Comment


      #3
      But I wear Prada, so your argument is invalid.

      Comment


        #4
        I really should clean all the junk out of my car...

        Devil, what exactly do you do?

        Comment


          #5
          Actually more life stuff in here than just work.

          Comment


            #6
            Originally posted by Permalost View Post
            I really should clean all the junk out of my car...

            Devil, what exactly do you do?
            Finance, people management, that type of shit. Nothing special

            Comment


              #7
              Not sure if this belongs in another thread....Do you have any advice on how to answer those annoying interview questions and what I can do to stand out in an interview?

              Examples of the annoying questions:

              What is you best quality?
              What are you most proud of?
              What is your worst quality?
              Describe one time you blew it.

              I figure I should just try to relate the answers to work related issues. However, I'm looking to enter the medical field as a recently licensed radiation therapist, I have no experience other than school clinicals and I assume i'll be competing with other experienced people.

              Comment


                #8
                Dear poster, how do I be the boss? I was hoping to get information in that regard, rather than information on how to be an obnoxious, backstabbing employee.
                http://woodwardswhiskey.wordpress.com/

                He was punching him like the collective karmic debt he'd accrued was coming to collections, mostly on his face.

                Comment


                  #9
                  Originally posted by devil View Post
                  Finance, people management, that type of shit. Nothing special
                  What industry are you in/ do you service?
                  2018 Male Purple Belt Adult No Gi
                  #2 Ranked Competitor - QBJJC

                  Comment


                    #10
                    It certainly is all about working hard and smart. I worked hard for the wrong people for too long. Now I work hard, smart and or the right people and I'm having a blast.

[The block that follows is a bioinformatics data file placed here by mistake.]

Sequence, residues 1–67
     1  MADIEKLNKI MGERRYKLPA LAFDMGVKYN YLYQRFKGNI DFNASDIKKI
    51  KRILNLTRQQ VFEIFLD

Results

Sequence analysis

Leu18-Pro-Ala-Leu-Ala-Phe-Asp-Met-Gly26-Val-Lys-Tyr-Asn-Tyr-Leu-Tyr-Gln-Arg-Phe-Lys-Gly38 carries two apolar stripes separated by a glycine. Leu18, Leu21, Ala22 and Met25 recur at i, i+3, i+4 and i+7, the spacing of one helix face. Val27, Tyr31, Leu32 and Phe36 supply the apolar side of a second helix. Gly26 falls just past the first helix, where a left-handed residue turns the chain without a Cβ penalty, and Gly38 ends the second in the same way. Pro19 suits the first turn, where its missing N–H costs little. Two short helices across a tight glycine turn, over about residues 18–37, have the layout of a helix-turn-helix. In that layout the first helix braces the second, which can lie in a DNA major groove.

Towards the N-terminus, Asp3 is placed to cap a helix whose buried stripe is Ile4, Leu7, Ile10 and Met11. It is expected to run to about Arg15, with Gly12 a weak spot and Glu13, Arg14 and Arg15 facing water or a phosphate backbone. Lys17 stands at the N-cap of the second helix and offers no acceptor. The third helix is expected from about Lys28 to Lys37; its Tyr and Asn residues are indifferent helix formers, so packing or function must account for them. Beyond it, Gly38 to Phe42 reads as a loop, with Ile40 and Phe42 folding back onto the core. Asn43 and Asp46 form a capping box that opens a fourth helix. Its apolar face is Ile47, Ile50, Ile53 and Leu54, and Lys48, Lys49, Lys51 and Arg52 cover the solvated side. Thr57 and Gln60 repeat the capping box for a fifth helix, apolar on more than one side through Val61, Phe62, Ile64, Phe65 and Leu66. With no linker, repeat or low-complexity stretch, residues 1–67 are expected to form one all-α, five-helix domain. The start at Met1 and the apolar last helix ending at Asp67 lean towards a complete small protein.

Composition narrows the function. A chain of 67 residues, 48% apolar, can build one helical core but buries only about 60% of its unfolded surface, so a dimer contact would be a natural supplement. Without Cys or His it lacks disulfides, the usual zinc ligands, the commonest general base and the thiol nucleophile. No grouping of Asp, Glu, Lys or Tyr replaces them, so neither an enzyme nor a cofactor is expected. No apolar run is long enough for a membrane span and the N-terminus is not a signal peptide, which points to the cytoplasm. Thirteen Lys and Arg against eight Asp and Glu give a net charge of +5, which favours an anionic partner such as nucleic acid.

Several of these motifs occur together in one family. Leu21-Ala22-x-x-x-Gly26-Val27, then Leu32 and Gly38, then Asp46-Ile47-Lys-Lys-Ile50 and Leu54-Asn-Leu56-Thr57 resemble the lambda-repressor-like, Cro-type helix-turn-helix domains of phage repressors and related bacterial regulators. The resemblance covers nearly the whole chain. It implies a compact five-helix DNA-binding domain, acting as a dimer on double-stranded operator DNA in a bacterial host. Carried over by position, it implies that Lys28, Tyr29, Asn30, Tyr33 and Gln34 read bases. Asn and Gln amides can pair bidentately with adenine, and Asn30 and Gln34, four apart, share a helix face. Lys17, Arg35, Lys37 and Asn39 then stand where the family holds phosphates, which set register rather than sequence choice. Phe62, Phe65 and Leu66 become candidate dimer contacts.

Ne Obliviscaris

                    Comment


                      #11
                      Originally posted by cualltaigh View Post
                      What industry are you in/ do you service?
                      Medical devices.

                      Comment


                        #12
                        Originally posted by jspeedy View Post
                        Not sure if this belongs in another thread....Do you have any advice on how to answer those annoying interview questions and what I can do to stand out in an interview?

                        Examples of the annoying questions:

                        What is you best quality?
                        What are you most proud of?
                        What is your worst quality?
                        Describe one time you blew it.

                        I figure I should just try to relate the answers to work related issues. However, I'm looking to enter the medical field as a recently licensed radiation therapist, I have no experience other than school clinicals and I assume i'll be competing with other experienced people.
                        The interview questions I use are behavioral questions. Tell us about a time you did this. Tell us about a time you did that. Tell us about a time when something went to shit. Tell us this or that about yourself. Basically, the kinds of questions you're describing.

                        Here's how to prepare for that: Get online and search for a list of behavioral interview questions. You'll find tons. Get a list of 100 or so you can work with. Read them and think about how you would answer.

                        What you'll find is that there may be 100 or 500 or 1000 questions, but they're all really just different ways of asking a handful of things. When you practice this way, you'll start to see that. It will also force you to think about specific situations you've encountered. With a few hours of practice you'll have an answer ready for almost any question you can be asked.

                        You've asked a good question. I prepared exactly like that for my current position because I knew my company asked those types of questions. I knocked it out of the park and it's the main reason I'm sitting where I am now.

                        There are two critical things with these types of questions. You want to be confident and you want your answer to be conversational and not sound rehearsed. Practicing like I said will help with this because instead of memorizing questions you'll start thinking about the actual things you want to talk about.

                        Second, the main area where people shit the bed is by not providing detail. Don't give vague answers like "if that happened to me I'd do this". They want you to tell them a story about a specific situation you've encountered. Keep in mind if you're interviewing with a larger organization, there's pressure for them to be fair. Hiring managers often have to justify their hiring choices. So even if they like you they may not be able to hire them if you don't give them enough specifics they can point to as to why you should be hired.